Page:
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Two women were found fatally shot Wednesday, Feb. 24, and another man has been taken for treatment for serious injuries after a shooting in East Hall, according to authorities.
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Our Neighbor opens art studio, gift shop
Classes teach about jewelry making, birds, watercolor and sewing
Instructor Judy Wilson Goddard talks to Jason Hare, left, and Clayton Graff about how to make a clay bird’s nest at The Porch Tuesday. - photo by Tom Reed

The Porch

What: A gift shop and art studio run by Our Neighbor that offers classes to the public.
When: All classes are 2:30-4:30 p.m. Jewelry, Mondays; birds, Tuesdays; watercolor, Wednesdays; sewing, Thursdays.
Where: Mainstreet Market, 118 Main St. SW, Gainesville
How much: Varies, call for more information
More info: 678-617-5527

Patty Williams quietly rolled clay into toothpick-sized shapes Tuesday and smashed them into a small Styrofoam bowl. She was building a clay bird nest as part of a class all about birds at The Porch at Mainstreet Market.

Tuesday was the first day for the new art studio and gift shop run by Our Neighbor, a nonprofit devoted to helping local disabled residents.

"I think it's important for them to learn different techniques that can certainly be applied to other parts of life," teacher Judy Wilson Goddard said. Her weekly class will include building bird houses, wind chimes, bird baths and even a redneck bird bath made using a plunger. Other classes offered include watercolor painting, sewing and jewelry making, but will vary each month.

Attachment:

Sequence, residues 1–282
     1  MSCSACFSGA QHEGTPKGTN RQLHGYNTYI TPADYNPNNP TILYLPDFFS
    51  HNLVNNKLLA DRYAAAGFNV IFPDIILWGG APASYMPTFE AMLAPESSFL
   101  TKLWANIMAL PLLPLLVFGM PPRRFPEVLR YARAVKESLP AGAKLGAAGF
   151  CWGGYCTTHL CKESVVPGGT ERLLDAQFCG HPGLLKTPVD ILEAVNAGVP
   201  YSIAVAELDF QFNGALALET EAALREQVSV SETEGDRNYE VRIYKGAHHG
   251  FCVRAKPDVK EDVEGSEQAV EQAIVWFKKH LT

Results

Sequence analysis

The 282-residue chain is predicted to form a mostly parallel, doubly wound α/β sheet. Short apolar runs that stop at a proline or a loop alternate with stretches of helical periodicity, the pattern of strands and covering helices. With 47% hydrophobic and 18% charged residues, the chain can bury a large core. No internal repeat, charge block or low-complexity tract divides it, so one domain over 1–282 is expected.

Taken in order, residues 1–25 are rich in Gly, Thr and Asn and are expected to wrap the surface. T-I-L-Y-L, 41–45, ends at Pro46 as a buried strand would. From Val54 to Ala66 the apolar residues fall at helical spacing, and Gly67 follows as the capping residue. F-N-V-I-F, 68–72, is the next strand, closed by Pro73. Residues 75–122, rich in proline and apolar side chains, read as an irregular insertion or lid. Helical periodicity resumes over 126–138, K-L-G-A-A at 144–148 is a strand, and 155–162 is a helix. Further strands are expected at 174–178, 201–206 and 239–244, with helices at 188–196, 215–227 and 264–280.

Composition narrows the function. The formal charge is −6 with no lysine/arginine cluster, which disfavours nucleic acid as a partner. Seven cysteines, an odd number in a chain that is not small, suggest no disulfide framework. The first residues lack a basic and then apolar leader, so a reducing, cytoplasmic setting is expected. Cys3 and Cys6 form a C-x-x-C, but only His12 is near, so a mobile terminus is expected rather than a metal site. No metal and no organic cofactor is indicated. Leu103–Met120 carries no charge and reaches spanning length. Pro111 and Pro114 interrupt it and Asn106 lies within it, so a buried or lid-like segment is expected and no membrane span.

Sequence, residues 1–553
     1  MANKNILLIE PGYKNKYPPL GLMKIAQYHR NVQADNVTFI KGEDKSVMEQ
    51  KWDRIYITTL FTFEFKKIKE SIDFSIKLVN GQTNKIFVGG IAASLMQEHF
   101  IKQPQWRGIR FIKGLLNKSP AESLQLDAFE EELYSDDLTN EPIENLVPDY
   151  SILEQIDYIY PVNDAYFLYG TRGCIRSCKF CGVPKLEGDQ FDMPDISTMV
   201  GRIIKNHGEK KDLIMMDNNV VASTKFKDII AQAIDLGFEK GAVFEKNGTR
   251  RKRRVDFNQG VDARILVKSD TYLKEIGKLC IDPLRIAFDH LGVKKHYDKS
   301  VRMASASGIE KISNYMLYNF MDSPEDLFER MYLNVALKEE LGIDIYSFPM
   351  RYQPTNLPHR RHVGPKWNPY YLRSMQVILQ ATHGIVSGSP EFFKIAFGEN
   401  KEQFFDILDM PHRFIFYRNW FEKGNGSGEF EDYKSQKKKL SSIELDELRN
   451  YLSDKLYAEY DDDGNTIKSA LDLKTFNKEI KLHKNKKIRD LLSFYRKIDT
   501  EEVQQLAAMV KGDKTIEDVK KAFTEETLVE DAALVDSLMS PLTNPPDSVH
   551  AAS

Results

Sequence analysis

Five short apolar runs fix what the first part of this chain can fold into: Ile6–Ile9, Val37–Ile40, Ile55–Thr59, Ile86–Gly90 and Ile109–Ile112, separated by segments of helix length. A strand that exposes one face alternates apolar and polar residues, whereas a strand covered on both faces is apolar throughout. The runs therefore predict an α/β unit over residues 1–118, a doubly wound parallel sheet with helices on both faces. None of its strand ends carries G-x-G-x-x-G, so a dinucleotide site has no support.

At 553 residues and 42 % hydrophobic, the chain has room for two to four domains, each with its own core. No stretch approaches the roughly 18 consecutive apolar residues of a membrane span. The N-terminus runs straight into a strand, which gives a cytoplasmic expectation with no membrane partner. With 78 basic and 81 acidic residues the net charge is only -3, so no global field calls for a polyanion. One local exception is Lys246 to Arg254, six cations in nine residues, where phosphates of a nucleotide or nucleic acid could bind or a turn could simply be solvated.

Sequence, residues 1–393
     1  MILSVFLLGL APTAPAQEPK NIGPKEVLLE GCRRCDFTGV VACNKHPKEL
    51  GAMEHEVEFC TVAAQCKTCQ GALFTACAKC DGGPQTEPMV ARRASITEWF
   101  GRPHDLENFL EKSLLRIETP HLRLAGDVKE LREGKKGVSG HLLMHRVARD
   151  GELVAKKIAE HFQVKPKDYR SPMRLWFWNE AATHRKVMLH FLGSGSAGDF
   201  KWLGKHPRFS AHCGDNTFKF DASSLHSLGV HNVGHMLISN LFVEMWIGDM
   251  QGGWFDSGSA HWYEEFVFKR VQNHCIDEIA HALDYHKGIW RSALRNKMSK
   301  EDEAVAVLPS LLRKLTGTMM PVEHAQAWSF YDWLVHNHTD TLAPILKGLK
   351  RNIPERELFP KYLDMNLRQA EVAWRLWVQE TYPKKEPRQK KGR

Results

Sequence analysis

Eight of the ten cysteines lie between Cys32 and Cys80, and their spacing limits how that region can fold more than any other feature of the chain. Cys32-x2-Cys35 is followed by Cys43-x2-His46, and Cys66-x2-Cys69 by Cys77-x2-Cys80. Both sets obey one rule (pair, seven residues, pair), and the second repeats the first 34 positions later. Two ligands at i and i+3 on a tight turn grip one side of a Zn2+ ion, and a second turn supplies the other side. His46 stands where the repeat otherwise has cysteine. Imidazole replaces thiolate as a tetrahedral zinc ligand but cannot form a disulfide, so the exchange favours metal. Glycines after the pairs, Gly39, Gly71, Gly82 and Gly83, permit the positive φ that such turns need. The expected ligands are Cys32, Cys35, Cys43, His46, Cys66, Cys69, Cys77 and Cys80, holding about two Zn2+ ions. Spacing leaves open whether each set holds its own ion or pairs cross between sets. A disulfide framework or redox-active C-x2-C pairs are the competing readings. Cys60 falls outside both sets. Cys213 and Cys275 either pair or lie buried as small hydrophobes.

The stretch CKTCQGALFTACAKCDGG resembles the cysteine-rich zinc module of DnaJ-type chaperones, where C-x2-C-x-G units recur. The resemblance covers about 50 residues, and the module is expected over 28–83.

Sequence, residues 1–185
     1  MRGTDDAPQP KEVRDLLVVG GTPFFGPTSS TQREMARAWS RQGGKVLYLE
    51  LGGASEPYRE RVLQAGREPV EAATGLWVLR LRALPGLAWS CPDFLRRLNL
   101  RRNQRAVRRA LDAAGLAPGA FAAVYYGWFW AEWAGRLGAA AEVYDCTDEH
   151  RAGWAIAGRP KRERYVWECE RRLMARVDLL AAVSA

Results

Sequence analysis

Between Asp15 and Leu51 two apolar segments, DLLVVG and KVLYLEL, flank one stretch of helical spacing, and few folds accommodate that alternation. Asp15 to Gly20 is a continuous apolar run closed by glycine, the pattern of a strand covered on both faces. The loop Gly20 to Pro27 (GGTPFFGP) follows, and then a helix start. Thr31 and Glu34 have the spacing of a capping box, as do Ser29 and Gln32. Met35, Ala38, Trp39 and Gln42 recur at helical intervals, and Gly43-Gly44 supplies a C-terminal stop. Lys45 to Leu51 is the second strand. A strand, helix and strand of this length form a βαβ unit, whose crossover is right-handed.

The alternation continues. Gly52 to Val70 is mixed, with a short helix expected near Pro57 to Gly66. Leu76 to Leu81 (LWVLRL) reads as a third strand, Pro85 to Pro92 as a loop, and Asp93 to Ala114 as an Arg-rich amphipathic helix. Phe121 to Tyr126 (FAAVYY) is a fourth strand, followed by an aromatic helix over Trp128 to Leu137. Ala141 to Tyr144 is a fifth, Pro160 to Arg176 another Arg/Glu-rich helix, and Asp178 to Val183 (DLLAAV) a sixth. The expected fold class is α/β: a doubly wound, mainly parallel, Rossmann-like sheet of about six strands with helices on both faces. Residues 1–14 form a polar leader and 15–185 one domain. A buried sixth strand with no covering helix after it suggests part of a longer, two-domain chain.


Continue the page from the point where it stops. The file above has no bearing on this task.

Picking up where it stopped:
"We're hoping that maybe we can find some areas that they're really interested in and find they enjoy," said Marty Owens, co-founder of Our Neighbor. "And then possibly that might turn into a way they can earn money by selling their creations."

Owens said the effort has been in the dream phase for five years. In the last few months they've worked toward opening at the Mainstreet Market location right next to their Next Chapter bookstore.

They're still seeking volunteer teachers so they can expand the topics covered.

"I think the thing that's so beautiful about this is you can take physically handicapped students that don't have good use of their fingers and even they can roll these things, even they can mold their bird nest," Goddard said. "And I think this is going to build a lot of confidence in the students."

Class member Jason Hare said it's been years since he worked with clay, though he has done some painting before. Clayton Graff agreed, saying he had taken some drawing classes he enjoyed.

The classes are not about experience or skill, though; Goddard said it's about having fun and celebrating talents.

A quote posted on the wall summed up her goals: "Use what talents you possess; the woods would be very silent if no birds sang there except those that sang best."

She told Hare and Graff though they may not be the best at rolling out clay, "you're going to use the talents you've got, aren't you? And if you practice, practice, practice, it makes a lot of difference."


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